What do you do when you have left over pork belly trimmings? Turn them into crackling, pork rinds, chicharrón…well you get my drift. There are many different names for this little porky treat but whatever you call them, they’re delicious and easy to make. You didn’t think I’d go six weeks without a meat post did you?
I didn’t intend on picking up 15 lbs of pork belly this week. However, I saw some really meaty slabs at the pork store I go to, so I loaded up. One went into the freezer for bacon and the other was turned into a pork belly porchetta. Yes, that’s how we sometimes roll for weeknight dinner.
In order to make the belly roll up into an even shape I trimmed the edges and ended up with maybe a half pound of strips with the skin on. Not a lot but just enough to make crispy pork cracklings like I do with duck skin.
It is such an easy, hands-off technique too. Simmer the pork bits in water which starts to render out some fat. This kind of time-release enables enough fat to be in the pan when all of the water has evaporated. It’s really brilliant. You end up kind of confit’ing the meat part of the belly in all the fat and then when the pork starts to brown simply turn up the heat and fry to a crisp.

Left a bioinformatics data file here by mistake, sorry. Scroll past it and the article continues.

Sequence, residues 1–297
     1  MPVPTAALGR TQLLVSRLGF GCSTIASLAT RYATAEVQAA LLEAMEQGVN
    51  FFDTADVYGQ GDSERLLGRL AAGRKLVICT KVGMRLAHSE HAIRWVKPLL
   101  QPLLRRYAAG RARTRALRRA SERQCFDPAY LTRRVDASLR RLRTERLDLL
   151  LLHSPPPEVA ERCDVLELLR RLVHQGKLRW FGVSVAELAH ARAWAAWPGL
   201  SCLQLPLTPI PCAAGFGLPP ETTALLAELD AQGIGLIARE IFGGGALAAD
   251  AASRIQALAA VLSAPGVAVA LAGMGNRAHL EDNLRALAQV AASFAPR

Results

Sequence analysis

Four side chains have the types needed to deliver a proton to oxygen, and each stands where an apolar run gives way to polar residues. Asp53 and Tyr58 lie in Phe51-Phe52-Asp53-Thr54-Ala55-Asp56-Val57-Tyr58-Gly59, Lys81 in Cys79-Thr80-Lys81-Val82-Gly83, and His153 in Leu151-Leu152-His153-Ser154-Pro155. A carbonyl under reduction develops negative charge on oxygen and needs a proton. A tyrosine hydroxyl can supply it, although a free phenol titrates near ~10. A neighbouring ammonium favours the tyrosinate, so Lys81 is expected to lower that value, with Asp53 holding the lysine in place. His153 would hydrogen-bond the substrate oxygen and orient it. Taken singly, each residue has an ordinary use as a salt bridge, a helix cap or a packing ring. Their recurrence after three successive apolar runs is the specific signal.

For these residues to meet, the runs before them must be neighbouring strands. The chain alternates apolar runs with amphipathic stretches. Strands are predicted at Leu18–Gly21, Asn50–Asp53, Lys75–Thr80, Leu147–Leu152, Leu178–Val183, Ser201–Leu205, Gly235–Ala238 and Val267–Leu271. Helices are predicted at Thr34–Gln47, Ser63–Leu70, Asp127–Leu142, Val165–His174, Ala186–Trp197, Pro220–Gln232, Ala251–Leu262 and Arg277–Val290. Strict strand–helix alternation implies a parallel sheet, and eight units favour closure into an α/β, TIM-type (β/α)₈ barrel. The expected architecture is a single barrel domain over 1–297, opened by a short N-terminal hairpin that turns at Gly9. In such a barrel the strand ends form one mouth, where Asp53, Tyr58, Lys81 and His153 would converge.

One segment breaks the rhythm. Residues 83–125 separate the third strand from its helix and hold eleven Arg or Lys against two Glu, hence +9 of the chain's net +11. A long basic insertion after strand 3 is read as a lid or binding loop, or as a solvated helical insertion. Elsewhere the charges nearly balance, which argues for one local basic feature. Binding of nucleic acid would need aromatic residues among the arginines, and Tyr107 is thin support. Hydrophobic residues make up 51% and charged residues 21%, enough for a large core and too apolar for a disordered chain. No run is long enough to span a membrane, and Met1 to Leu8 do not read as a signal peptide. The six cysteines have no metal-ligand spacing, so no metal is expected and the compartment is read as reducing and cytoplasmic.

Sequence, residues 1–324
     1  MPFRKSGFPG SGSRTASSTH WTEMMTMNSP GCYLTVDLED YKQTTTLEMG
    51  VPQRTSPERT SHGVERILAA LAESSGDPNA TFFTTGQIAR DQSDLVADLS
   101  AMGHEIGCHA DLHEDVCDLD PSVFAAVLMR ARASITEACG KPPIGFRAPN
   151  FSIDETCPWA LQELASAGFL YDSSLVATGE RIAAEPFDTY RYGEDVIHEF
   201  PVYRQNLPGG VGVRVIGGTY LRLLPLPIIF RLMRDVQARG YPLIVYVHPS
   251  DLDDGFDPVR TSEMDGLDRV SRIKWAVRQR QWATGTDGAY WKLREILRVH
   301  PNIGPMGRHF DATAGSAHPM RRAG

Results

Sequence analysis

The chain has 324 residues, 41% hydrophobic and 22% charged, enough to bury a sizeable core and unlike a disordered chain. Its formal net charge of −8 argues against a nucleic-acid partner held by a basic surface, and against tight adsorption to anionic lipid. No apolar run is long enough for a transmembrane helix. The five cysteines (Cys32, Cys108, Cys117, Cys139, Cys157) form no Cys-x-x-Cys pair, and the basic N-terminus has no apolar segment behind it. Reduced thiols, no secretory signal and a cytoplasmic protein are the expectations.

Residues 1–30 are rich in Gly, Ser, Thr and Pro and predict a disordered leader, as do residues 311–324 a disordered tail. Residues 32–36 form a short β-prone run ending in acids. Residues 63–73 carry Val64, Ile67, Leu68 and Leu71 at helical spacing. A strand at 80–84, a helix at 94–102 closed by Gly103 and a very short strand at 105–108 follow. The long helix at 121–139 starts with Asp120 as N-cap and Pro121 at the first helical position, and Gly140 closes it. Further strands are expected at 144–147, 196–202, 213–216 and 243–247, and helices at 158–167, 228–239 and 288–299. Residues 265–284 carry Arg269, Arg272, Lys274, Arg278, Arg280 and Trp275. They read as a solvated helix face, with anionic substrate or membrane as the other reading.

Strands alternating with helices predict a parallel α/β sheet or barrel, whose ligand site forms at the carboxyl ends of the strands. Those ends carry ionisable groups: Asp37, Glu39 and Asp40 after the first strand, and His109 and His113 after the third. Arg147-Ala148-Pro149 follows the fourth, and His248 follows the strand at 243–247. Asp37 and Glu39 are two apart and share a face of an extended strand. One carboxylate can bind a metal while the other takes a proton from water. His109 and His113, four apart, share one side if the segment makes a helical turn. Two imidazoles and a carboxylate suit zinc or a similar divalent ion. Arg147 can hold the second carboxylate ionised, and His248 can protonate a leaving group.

In hindsight I wish I had cut some thicker strips from the pork belly and with more of the skin on. The thinner strips worked fine and since I cut them up into smaller chunks, cooked quicker (about 2 hours). But I would have liked more of a chicharrón than crackling. Minor quibble. Didn’t seem to stop Cheryl and me from enjoying them with beer while telling each other about our days that evening.
One note, if you do use thicker pieces, rub some baking soda onto the skin and let the belly pieces sit in the fridge overnight. It’s supposed to help take some of the moisture out of the skin and make it crispier. I couldn’t really tell with these pieces since there wasn’t much skin.
Pork Cracklings or Chicharrónes
- Pork belly with skin
- Baking soda
Rub baking soda onto the skin side of the pork belly. This I supposed to help dry out the skin and enable it to crisp up. Refrigerate overnight.
Cut the belly into strips or chunks.
Place in a large heavy bottomed pan that will hold all of the pieces in one layer. Pour in enough water so all of the pieces are covered by at least a half inch.
Over medium-high heat on the stove bring the water to a boil. Reduce heat to simmer. As the water evaporated the fat will render and take the place of the water.
Stir the pork pieces around every so often once they begin to cook in the released fat to keep them from sticking to the bottom of the pan.
When pork is has browned and crisped up remove and set on paper towels to drain. Season with salt (or your favorite seasoning).